This is not the first time Brownback has used children as stage props. This past summer, the senator argued against embryonic stem-cell research by bringing out a 7-year-old girl, who had drawn a picture of herself as an embryo saying, “Are you going to kill me?” This particular rhetorical technique was previously used by former Sen. Rick Santorum (R-Pennsylvania), who brought a 4-year-old to the Senate chamber while arguing for the “Partial-Birth Abortion Ban Act.” ““What they wanted to do was kill this baby by stabbing her in the base of the skull and suctioning her brains out,” said Santorum, pointing to the girl in the audience.

Santorum’s extreme politics endeared him to the Right – not too long ago, he was the one frequently mentioned as a potential presidential candidate – but it cost him his Senate seat in November’s election. Brownback is hoping to find a growing Right Wing in Iowa that could give him the edge in the GOP caucus, but first he has to appeal to more moderate Republican voters, and convince them that he won’t meet Santorum’s fate. Otherwise, the difference will be location – the chasm between warm reception at a far-Right blog panel and disappointment at a real-life voting booth.

(Photo from ProLifeBlogs.com.)

Anti-Abortion Protest in Washington

Local minister “asked what would have happened had Martin Luther King been aborted, then described the process in detail.”

Focus on the Family Looks to States for Anti-Abortion Legislation

Such as bans triggered on overturn of Roe.

Right Spins in Advance of State-of-the-Union Speech

FRC’s Tony Perkins and Heritage’s Ed Fuelner.

Anti-Immigrant FAIR Launches Pre-Emptive Attack on Bush Speech

Denounces “radical immigration agenda.” Meanwhile: FAIR complains about lack of border fence.

Virginia Bill on Student Clubs Revived

Permission slips apparently target gay-straight alliances.

And Then The Hypocrisy Detector Went Off the Charts

gingrich3.jpgThe Washington Post reports that Newt Gingrich’s new organization recently received “a $1 million check from Las Vegas Sands Corp. Chairman Sheldon G. Adelson.”

The Post turned to Traditional Values Coalition head Lou Sheldon for comment on the idea that Gingrich would be using gambling funds to bankroll his right-wing agenda:

"The problem is the income comes from what we call a vice, and that is an issue," said the Rev. Louis P. Sheldon, chairman of the Traditional Values Coalition, which has long been a powerful voice on social issues inside the GOP.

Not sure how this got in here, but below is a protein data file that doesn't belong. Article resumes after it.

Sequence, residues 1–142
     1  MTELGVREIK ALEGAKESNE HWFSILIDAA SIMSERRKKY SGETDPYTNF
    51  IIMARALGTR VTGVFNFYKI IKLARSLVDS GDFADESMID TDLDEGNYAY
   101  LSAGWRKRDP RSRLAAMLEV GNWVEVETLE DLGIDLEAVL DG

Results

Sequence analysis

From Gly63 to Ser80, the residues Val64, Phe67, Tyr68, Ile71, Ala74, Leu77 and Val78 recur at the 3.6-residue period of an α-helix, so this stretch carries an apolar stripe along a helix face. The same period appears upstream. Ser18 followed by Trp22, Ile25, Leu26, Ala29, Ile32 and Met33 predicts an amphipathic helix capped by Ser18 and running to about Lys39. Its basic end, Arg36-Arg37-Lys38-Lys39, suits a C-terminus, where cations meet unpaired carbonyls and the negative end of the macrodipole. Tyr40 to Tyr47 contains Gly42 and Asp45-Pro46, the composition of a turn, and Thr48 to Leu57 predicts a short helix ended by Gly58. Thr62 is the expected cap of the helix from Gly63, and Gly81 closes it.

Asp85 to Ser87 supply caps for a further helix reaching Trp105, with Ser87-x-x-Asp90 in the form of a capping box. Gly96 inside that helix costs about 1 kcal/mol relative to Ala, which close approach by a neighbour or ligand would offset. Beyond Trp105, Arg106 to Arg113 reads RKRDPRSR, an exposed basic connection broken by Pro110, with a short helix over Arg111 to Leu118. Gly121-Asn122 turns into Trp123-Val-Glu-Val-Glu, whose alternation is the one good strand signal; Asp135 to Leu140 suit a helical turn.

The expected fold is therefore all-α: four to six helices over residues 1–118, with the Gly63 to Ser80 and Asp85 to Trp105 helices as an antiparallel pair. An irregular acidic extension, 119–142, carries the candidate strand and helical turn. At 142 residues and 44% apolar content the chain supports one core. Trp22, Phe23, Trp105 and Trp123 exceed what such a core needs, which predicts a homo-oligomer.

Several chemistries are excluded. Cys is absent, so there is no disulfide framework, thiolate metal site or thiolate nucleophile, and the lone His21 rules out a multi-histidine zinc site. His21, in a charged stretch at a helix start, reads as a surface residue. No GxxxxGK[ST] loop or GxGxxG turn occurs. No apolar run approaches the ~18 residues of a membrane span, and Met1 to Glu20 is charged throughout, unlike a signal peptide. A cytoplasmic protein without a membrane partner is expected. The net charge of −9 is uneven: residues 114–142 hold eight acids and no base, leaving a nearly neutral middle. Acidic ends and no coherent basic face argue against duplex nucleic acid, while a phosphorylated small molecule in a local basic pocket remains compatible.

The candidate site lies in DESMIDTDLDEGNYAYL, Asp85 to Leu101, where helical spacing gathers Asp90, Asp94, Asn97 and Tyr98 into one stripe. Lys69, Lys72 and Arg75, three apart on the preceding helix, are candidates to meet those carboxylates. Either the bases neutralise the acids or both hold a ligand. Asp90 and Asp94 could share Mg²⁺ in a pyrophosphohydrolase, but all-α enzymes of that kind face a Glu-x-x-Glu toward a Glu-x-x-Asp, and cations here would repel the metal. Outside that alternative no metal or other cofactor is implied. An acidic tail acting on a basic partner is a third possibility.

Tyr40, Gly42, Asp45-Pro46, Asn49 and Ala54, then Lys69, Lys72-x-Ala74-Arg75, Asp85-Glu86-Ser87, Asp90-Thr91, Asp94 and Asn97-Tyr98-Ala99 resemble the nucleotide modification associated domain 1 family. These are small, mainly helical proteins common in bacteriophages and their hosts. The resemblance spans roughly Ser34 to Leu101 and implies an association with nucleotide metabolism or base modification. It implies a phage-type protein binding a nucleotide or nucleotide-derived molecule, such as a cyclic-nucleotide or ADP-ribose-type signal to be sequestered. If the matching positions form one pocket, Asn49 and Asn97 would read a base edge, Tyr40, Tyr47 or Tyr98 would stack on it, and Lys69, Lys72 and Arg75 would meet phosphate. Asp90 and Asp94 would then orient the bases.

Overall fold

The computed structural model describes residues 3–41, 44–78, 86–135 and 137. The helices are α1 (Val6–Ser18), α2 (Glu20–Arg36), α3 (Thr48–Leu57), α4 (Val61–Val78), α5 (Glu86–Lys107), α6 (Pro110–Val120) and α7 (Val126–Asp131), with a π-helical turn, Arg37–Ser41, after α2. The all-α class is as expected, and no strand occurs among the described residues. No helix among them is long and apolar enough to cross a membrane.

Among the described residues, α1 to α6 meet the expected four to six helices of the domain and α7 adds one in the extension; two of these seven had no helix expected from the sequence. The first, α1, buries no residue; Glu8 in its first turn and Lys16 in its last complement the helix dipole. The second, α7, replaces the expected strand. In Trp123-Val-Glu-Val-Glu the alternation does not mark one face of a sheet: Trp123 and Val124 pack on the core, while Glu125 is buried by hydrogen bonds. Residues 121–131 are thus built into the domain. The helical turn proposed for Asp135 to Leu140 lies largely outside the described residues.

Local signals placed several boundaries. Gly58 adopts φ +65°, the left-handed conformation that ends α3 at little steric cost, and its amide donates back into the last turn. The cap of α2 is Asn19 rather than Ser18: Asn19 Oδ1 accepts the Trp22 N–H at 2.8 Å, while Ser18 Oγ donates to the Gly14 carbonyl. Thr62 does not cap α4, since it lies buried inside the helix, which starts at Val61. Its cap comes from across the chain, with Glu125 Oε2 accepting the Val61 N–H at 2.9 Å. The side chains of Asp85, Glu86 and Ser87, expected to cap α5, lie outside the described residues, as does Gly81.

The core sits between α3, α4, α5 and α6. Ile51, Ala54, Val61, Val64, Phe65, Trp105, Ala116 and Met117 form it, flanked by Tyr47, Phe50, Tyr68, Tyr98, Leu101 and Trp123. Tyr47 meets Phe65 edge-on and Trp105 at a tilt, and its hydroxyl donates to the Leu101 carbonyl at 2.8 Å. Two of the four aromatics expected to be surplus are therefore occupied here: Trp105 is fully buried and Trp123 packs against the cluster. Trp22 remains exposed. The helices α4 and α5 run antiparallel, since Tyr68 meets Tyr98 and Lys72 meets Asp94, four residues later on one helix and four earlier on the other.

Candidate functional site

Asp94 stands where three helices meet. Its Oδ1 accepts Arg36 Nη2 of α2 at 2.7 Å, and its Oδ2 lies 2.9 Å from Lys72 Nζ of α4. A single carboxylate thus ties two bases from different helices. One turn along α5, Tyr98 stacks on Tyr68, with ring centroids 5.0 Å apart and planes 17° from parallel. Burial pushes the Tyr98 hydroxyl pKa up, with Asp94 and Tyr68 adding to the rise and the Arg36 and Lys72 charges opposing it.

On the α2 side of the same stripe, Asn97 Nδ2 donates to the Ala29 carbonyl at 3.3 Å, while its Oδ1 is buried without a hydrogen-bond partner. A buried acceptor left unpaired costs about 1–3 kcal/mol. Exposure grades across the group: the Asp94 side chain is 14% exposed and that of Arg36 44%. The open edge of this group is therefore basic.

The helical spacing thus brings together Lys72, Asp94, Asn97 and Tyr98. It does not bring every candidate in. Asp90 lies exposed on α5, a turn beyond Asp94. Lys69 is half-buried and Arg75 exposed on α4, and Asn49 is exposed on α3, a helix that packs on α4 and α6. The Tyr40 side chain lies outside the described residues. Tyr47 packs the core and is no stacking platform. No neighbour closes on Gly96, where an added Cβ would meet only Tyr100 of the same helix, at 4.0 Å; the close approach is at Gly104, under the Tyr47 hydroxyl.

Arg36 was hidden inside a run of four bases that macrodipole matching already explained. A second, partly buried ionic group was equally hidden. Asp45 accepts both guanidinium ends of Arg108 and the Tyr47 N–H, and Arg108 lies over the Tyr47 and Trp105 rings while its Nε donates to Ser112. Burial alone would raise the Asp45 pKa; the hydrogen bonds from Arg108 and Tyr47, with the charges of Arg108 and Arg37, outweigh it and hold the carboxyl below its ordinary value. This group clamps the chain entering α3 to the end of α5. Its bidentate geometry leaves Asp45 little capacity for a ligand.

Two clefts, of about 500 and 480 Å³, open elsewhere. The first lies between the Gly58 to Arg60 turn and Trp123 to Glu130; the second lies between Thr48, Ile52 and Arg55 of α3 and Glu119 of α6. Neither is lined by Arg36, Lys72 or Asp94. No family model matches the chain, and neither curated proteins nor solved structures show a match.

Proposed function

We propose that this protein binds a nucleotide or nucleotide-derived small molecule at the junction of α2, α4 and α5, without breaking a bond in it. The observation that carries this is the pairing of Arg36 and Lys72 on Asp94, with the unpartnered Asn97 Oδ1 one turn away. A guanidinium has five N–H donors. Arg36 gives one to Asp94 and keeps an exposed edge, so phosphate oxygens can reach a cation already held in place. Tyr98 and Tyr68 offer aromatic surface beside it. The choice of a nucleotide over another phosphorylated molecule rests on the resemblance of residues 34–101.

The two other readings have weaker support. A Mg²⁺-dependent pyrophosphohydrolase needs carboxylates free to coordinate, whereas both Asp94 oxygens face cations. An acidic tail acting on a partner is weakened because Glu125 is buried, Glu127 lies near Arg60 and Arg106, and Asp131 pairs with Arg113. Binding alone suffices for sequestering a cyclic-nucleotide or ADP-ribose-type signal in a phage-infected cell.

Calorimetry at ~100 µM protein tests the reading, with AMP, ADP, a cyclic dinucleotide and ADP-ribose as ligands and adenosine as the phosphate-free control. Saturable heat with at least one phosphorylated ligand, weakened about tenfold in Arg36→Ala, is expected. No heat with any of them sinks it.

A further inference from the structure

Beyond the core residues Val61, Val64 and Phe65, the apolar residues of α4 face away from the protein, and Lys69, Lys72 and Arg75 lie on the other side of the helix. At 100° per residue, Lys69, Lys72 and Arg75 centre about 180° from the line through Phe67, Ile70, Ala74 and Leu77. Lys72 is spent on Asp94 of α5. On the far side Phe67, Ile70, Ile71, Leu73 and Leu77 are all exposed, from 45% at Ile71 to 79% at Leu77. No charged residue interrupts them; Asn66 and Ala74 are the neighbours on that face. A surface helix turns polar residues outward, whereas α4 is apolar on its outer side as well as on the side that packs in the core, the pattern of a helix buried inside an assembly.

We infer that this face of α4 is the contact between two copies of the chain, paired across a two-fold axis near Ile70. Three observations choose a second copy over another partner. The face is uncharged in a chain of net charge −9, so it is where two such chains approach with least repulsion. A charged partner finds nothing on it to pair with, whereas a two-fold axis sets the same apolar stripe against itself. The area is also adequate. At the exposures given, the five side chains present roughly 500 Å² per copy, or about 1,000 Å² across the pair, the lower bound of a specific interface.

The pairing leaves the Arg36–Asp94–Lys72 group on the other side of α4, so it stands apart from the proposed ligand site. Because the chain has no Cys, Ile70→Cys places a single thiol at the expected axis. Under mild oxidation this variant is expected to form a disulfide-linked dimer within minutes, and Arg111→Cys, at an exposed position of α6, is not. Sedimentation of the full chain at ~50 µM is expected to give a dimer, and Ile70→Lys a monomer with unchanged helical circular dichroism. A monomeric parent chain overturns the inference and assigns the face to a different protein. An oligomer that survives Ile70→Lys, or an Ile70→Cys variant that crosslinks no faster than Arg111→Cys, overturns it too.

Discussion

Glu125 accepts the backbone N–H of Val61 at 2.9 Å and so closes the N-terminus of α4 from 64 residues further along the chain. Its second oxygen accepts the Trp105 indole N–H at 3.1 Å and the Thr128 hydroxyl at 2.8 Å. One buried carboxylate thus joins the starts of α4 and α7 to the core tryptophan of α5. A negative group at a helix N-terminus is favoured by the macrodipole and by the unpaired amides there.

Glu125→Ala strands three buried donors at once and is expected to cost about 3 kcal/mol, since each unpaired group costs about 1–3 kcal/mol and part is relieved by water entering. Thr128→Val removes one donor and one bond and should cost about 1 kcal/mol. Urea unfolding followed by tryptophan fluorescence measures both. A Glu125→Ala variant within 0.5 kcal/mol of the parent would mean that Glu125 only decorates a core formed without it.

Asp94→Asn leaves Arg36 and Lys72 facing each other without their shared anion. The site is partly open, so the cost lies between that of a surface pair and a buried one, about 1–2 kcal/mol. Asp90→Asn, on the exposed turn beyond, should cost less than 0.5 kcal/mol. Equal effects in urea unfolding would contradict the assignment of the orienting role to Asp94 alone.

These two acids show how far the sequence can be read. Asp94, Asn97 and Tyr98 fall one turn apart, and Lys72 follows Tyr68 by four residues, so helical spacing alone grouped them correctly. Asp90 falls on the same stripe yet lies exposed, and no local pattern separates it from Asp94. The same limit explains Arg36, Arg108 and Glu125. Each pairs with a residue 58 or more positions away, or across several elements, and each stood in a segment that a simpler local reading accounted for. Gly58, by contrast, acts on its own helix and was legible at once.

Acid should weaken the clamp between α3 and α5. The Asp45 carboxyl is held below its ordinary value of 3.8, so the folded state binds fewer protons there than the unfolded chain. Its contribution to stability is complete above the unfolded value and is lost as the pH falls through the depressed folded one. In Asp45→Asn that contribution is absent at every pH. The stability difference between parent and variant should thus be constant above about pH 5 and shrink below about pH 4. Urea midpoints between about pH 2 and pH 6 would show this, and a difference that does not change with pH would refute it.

"I certainly could never have done that and I certainly can't encourage it, but if good will comes out of it in terms of these issues . . . then that remains to be seen. There's an old expression that the devil's had the money long enough, it's about time the good people got their hands on it," he said.

Oh the hypocrisy:

[Jack] Abramoff quietly arranged for eLottery to pay conservative, anti-gambling activists to help in the firm's $2 million pro-gambling campaign, including Ralph Reed, former head of the Christian Coalition, and the Rev. Louis P. Sheldon of the Traditional Values Coalition. Both kept in close contact with Abramoff about the arrangement, e-mails show. Abramoff also turned to prominent anti-tax conservative Grover Norquist, arranging to route some of eLottery's money for Reed through Norquist's group, Americans for Tax Reform.

In May, eLottery hired Abramoff's firm, Preston Gates & Ellis LLP, for $100,000 a month, according to lobbying reports. In the following months, Abramoff directed the company to pay hundreds of thousands of dollars to various organizations, faxes, e-mails and court records show. The groups included Norquist's Americans for Tax Reform; Sheldon's Traditional Values Coalition; companies affiliated with Reed; and a Seattle Orthodox Jewish foundation, Toward Tradition.

In 2000, Abramoff’s client, eLottery, faced devastation if Congress passed legislation prohibiting internet gambling.  Abramoff’s solution was to take an exception for jai alai and horse racing contained in the legislation and argue that the exceptions would actually expand legalized gambling and then gin up right-wing opposition.  

Unfortunately for him, most of the Right supported the bill, so Abramoff reached out to Sheldon and Ralph Reed in an effort to kill it.  Sheldon when to work pushing House members to oppose the bill and targeting Reps. Robert Aderholt, J.C. Watts and others with mailers accusing them of supporting a “law the gamblers want” for having voted for the gambling bill.  

In the end, Abramoff’s scheme paid off and Congress adjourned without passing the legislation.  

It was no coincidence that Abramoff called Sheldon "Lucky Louie."

ABC Correspondent's Book to Show High Court Influence of Far-Right Justice Thomas

Moved Scalia to Right. Also from book: AG Gonzales tried to block Miers nomination, warning of right-wing “revolt.”